One such student faced with this decision was Charles Herbert Broshar, a native Hoosier born and raised in Lebanon, Indiana. He started college at Indiana University and began working toward a business degree for a few years. However, seeing that the entrance of the United States into World War II was inevitable and fast approaching, Broshar, like many others, decided to enlist. On November 1, 1941, Broshar officially became a cadet in the United States Navy Reserve, serving as a storekeeper rank third-class. As storekeeper, his duties would have included purchasing and procuring the proper supplies for the ship and making orders for new shipments. Storekeeper duties also included the issuing of equipment, tools, and other consumable items to the men. On November 14th of that same year, Broshar was called to active duty as a crew member on the USS Griffin. The USS Griffin was a submarine tender, a type of ship that is tasked with keeping submarines stocked with food, torpedoes, fuel, and other supplies. Some submarine tenders, the USS Griffin among them, were also equipped with workshops to repair the submarines. After it was successfully converted into a submarine tender, the USS Griffin conducted a quick shakedown or test cruise off the East coast then headed to Newfoundland with a small sub squadron of submarines. While in Newfoundland, the ship was recalled to Newport, Rhode Island.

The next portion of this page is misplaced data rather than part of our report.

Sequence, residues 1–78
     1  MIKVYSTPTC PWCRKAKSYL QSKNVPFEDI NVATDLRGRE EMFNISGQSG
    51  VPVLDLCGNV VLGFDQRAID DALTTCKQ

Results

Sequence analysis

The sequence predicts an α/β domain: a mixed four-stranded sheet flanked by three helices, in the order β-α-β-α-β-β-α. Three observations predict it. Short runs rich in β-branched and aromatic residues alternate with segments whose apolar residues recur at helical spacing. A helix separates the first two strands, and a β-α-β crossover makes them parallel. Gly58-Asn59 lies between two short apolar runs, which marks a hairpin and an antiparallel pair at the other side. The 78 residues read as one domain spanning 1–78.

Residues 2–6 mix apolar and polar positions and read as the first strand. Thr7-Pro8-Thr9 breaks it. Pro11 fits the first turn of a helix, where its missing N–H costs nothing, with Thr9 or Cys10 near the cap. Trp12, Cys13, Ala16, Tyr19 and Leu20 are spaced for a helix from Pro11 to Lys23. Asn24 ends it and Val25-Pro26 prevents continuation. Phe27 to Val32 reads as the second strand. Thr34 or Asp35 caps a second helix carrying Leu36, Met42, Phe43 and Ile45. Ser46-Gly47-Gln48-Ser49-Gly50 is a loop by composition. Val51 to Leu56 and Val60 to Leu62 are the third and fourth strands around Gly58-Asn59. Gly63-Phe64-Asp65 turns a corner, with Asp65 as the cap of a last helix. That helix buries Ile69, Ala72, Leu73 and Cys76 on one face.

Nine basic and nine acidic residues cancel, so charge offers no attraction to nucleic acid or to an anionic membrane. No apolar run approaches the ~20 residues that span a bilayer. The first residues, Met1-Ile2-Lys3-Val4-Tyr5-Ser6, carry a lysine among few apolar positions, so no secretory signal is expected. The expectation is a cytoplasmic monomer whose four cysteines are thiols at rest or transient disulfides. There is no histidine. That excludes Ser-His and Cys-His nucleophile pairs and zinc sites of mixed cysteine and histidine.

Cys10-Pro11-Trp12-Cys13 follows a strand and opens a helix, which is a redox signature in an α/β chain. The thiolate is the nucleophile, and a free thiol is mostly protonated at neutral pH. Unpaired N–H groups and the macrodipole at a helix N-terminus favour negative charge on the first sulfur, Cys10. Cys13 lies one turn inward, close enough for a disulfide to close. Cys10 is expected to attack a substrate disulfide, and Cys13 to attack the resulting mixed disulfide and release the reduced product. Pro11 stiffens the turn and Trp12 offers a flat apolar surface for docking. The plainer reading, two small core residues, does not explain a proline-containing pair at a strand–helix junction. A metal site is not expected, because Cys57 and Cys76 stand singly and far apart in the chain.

This Atlantic-based ship was ordered into new waters when, on December 7th, 1941, after Japan infamously attacked the United States at Pearl Harbor, the USS Griffin was assigned to the Pacific Fleet. This attack officially brought the US out of isolationism and into the war, and Broshar’s assignment to the Pacific Fleet right after the Pearl Harbor tragedy must have made the war feel very real. The USS Griffin, with Broshar aboard, then departed for Brisbane, Australia on February 14, 1942 and arrived at her destination two months later on April 15, 1942. In Brisbane, the crew of the USS Griffin repaired and restocked submarines that were used to disrupt Japanese shipments. As the submarines were disrupting shipments from below the surface, the rest of the Pacific Fleet was busy preparing for the first Pacific offensives above the surface.